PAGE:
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Prolific French prepared dish scene serves up tasty hits and some misses.

Prolific French Prepared Dish Scene Serves Up Tasty Hits and Some Misses

QFFI frozen food critics, sampling everything from Moussaka to Duck with cherries to Salmon conserved with shallot, are impressed with recipe varieties. But quality varies, to be sure.

Sales of French "plat prepares" (prepard main dishes) are growing at a phenomenal rate. During 1988 they increased 16% -- from 72,778 tons (including 1,256 tons of exports) to 86,154 (tons of which 1,853 tons represented exports), and the upward trend continued through 1989 and '90.

Sampling the food throws light on a reason for its popularity. The frozen dishes are, as a general rule, of good, but not superlative, quality. They seldom, if ever, surpass a plate freshly prepared by a knowledgeable French host or hostess willing to spend time in the kitchen, let alone a dinner at a good restaurant. The French appear to be buying them less because they are searching for a culinary treat than because they no longer have hours to pass at the stove. Consumers can and often do purchase canned or chilled foods, but these alternatives to home cooking tend to be less satisfactory substitutes than frozens. Canned products are generally not of as good quality as the frozens, and chilled items are more expensive.

This is not to say that the frozen dishes are inexpensive. The price of a typical package that serves one person ranges from around 21 to 25 francs. With the exchange rate at 5.8 francs to the dollar, the serving costs $3.62 to $4.30. Nevertheless, a dinner in almost any French restaurant would be more expensive. In Paris a fixed menu at 49 francs is now considered a bargain.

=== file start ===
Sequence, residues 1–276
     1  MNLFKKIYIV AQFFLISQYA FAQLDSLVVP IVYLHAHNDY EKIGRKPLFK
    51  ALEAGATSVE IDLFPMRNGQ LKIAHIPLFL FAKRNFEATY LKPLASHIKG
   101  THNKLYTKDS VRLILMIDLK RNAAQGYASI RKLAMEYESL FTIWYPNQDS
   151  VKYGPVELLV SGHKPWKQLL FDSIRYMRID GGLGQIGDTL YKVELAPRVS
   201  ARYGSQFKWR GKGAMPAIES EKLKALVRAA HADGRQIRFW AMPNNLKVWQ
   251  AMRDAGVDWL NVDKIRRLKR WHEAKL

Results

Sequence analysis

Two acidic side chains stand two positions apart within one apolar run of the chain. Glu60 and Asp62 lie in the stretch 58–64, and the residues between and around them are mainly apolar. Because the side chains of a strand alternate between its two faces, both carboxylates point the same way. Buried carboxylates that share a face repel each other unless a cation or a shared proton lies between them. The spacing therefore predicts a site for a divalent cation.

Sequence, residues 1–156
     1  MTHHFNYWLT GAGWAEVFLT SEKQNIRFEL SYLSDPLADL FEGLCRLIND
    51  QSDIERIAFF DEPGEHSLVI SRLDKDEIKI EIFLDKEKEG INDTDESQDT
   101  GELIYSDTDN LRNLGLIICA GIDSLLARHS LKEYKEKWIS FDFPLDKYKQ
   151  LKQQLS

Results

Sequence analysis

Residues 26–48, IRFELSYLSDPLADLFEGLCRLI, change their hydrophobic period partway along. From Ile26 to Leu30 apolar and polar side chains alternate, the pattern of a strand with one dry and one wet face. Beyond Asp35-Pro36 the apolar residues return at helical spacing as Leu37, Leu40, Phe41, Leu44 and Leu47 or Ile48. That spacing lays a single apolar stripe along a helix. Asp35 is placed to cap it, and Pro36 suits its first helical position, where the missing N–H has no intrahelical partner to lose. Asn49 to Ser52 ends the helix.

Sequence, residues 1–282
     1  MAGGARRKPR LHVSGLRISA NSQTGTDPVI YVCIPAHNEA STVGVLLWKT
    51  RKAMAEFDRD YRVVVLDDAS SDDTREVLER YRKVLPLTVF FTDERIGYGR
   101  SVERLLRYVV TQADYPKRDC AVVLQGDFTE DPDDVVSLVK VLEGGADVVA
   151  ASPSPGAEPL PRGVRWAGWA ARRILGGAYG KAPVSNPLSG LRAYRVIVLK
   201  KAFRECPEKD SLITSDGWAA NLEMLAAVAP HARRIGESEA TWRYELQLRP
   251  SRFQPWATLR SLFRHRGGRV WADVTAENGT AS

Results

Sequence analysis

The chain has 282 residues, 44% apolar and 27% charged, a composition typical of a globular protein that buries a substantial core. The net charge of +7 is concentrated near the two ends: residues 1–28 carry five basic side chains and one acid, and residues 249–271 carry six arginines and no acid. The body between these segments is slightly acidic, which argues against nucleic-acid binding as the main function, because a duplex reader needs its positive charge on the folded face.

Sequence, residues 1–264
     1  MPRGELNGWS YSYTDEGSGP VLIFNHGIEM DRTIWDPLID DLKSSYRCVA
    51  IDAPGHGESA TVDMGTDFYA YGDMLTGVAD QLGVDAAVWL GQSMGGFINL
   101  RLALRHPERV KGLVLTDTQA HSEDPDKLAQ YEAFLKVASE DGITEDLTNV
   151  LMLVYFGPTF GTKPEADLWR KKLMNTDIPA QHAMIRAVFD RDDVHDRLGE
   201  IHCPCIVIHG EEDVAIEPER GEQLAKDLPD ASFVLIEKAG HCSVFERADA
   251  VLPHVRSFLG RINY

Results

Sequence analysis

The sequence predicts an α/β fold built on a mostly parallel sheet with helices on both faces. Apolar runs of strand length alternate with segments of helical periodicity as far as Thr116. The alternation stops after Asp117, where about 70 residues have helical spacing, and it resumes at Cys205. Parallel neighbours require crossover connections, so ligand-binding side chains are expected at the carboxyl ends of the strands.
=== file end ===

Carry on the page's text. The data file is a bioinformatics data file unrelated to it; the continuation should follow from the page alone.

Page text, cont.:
For this study Quick Frozen Foods International (QFFI) bought about a dozen frozen prepared dishes in stores in the thirteenth arrondissement of Paris and in the Quatre Saisons shopping center at la Defense outside the capital. Some of the purchases might be classed by the French as "entrees" or side dishes, but all were foods that could be used as the main dish of a meal.

The primary aim in making selections was to obtain an assortment of recipes sold under a variety of brands. Procuring a diverse sample was not as easy as perusing French frozen food magazines would make it appear. Findus dishes appeared in virtually every store visited. Gorcy and Marie products, both produced by Gorcy, were often in evidence, as were Vivagel and Bonduelle items, but each of these three producers was generally represented by only a few packs.

Auchan hypermarkets pride themselves on offering customers a wide choice of products; and the Auchan hypermarket at La Defense was certainly well above average in its offerings. Even here only eight brands with a total of 54 prepared dishes were in the frozen cases and 21 of the 54 dishes were from Findus. Freezer centers, as a general rule, present customers with a greater variety of frozens than do the hypermarkets; but in the thirteenth arrondissement Picard-label products were crowding out the name brands at the Picard store, and the Frio center was dominated by Findus, Gorcy, and Bonduelle. The selection of frozens available to the average shopper appears to be limited.